The undisputed market leader in the full-size passenger van segment is the Ford Club Wagon, the passenger version of the Econoline van. The Club Wagon, until this model year the only full-size passenger van with body-on-frame construction, has always been head-and-shoulders better than the Chevrolet and Dodge full-size vans, which are built with unitbody construction techniques and simply aren't as stiff or as quiet as the frame-built Ford. The 1996 Chevrolet G-van (see page 112) has switched over to body-on-frame construction and should finally give the Ford some competition in the marketplace.
With all the modern front-drive minivans available today from The Big Three and All The Rest, why are there still three big passenger vans? Lots of reasons, most of them having to do with ultimate roominess, the trailer-towing capabilities of rear-wheel-drive vans, and the availability of big V-8 engines for pulling Mom, the kids, the dog, all the camping gear, as well as the boat, motor and trailer. For some families, a minivan just doesn't cut it.
Our test Club Wagon was a luxury Chateau version with the 5.0-liter EFI V-8 engine, 4-speed automatic overdrive transmission, sliding side door, chrome rear step bumper, P235/75R-16 tires, front bucket seats, twin swiveling captain's chairs in the second row and a conventional three-passenger third seat, making for a total capacity of seven persons, plus a truly huge storage well behind the third seat. The base price of $23,915 swelled to $27,648 all in, including delivery.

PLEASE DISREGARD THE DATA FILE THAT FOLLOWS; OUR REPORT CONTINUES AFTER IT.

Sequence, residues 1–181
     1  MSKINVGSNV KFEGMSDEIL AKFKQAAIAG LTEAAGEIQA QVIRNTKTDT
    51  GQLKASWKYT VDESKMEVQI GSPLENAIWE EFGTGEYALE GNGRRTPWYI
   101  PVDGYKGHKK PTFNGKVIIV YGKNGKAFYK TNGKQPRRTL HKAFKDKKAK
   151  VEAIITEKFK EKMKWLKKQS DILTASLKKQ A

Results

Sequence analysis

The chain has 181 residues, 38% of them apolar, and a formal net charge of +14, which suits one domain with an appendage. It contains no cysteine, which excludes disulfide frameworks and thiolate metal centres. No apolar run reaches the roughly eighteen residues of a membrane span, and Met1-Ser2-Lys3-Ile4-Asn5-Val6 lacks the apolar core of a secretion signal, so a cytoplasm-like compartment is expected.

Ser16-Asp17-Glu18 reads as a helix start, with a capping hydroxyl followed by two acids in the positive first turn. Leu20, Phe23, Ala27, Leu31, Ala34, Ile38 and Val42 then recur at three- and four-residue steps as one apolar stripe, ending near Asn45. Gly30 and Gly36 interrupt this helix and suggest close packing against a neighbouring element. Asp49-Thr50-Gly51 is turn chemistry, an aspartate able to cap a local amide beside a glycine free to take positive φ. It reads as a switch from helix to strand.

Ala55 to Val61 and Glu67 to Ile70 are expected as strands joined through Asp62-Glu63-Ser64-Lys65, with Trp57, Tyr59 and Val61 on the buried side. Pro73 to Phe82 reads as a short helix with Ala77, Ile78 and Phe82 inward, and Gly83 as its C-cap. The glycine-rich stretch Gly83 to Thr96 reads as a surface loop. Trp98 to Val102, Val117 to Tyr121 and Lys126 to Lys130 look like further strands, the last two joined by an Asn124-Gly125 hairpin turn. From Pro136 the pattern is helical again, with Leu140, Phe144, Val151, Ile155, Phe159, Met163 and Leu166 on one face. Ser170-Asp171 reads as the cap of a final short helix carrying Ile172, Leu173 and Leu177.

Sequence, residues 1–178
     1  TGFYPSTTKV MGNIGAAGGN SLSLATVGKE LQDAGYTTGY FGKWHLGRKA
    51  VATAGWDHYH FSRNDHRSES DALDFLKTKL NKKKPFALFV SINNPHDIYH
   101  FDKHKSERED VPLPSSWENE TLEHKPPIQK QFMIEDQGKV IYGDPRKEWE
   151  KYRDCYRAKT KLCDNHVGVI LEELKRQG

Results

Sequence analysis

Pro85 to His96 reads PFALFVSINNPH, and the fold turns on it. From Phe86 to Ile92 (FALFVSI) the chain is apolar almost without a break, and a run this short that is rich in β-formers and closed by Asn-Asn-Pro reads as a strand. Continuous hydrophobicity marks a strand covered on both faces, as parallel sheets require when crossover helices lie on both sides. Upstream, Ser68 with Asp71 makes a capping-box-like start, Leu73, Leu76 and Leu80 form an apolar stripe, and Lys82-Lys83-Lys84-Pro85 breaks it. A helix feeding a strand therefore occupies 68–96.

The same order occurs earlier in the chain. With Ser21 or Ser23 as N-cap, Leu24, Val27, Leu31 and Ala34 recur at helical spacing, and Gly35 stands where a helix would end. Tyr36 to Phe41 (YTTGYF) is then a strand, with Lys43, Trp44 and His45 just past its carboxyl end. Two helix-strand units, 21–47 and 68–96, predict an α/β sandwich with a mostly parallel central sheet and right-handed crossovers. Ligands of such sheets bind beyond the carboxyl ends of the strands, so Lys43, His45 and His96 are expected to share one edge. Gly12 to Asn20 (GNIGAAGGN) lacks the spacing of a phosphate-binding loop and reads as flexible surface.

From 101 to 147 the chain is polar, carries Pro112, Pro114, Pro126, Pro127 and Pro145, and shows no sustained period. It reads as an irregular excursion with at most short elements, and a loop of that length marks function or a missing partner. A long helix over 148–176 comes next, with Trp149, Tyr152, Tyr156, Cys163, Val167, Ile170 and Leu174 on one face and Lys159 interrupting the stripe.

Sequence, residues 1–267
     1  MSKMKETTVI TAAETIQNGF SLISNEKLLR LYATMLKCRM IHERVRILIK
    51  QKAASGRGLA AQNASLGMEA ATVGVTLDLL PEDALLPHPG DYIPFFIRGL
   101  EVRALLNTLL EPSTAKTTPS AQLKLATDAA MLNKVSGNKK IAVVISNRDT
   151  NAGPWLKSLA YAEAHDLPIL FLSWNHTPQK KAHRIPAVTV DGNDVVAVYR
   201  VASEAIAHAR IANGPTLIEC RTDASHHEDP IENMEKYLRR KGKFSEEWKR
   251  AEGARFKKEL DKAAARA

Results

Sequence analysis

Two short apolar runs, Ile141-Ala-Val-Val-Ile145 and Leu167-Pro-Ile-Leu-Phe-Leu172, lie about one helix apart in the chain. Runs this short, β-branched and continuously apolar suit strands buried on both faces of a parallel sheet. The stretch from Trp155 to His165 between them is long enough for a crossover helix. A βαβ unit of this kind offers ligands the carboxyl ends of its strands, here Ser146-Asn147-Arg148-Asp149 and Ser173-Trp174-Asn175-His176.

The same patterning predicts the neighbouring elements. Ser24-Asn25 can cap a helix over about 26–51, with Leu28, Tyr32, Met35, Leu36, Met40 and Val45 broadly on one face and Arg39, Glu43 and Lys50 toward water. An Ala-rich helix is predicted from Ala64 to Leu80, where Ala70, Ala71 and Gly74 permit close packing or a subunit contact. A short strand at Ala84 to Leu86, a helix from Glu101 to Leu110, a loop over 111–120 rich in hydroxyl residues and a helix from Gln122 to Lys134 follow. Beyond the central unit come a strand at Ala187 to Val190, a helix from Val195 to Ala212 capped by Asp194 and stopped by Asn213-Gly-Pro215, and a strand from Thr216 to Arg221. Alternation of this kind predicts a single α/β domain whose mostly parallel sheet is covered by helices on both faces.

Like the Chevy and Dodge, the Ford van is available in a number of seating configurations for seven, eight or 12 persons (SuperVan version, 20 inches longer, will seat 15), with a six, three V-8s, or a diesel engine for power, sliding or conventional side door, and either a single or double rear doors, and three basic weight ratings, depending on what your family's wants, needs and likes are. Disc/drum ABS brakes are standard.
Our enthusiasm for the Ford Club Wagon Chateau is massive. We've driven perhaps 35 examples over the past 20 years, a dozen or so since its latest tune-up in 1992. It's simply smoother, quieter, and better built than its two prime competitors, with a much more integrated feel. The bucket seats are comfortable and supportive enough for thousand-mile days. Its monster 138-inch wheelbase provides a luxurious road ride, even though the front beam-and-coil and rear leaf spring suspension sound primitive. The instrument panel is straightforward, with excellent graphic presentation (no tach, though), and the engine cover has a truly large and flexible storage space built into it for all those family trip items. There are still a few visible screw heads, and some body color paint can be seen on the interior, but overall, this is a quality piece.
The Club Wagon's current family of engines, the 4.9-liter inline six, the 5.0, 5.7- and 7.5-liter overhead valve V-8s, and the 7.3-liter Power Stroke diesel, is the widest in the industry, adding to the already amazing flexibility offered to the customer by the Club Wagon Chateau. All but the Power Stroke will be gone next year, though, as a new generation of more expensive Ford engines, a 4.2-liter V-6, 4.6- and 5.4-liter V-8s and a 6.8-liter V-10, take over.
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